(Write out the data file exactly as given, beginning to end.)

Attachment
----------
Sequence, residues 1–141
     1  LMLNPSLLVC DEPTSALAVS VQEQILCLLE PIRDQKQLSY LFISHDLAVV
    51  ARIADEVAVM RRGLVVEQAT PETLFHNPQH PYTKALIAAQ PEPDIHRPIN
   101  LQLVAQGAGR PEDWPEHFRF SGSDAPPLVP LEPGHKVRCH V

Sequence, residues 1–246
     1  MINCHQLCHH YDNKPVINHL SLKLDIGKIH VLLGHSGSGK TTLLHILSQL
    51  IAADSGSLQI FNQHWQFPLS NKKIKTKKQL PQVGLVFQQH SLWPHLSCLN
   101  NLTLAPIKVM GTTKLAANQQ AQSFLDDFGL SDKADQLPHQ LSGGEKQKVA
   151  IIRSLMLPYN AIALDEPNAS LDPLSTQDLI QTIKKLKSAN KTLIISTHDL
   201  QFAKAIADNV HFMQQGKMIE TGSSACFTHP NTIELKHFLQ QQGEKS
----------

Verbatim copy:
Sequence, residues 1–141
     1  LMLNPSLLVC DEPTSALAVS VQEQILCLLE PIRDQKQLSY LFISHDLAVV
    51  ARIADEVAVM RRGLVVEQAT PETLFHNPQH PYTKALIAAQ PEPDIHRPIN
   101  LQLVAQGAGR PEDWPEHFRF SGSDAPPLVP LEPGHKVRCH V

Sequence, residues 1–246
     1  MINCHQLCHH YDNKPVINHL SLKLDIGKIH VLLGHSGSGK TTLLHILSQL
    51  IAADSGSLQI FNQHWQFPLS NKKIKTKKQL PQVGLVFQQH SLWPHLSCLN
   101  NLTLAPIKVM GTTKLAANQQ AQSFLDDFGL SDKADQLPHQ LSGGEKQKVA
   151  IIRSLMLPYN AIALDEPNAS LDPLSTQDLI QTIKKLKSAN KTLIISTHDL
   201  QFAKAIADNV HFMQQGKMIE TGSSACFTHP NTIELKHFLQ QQGEKS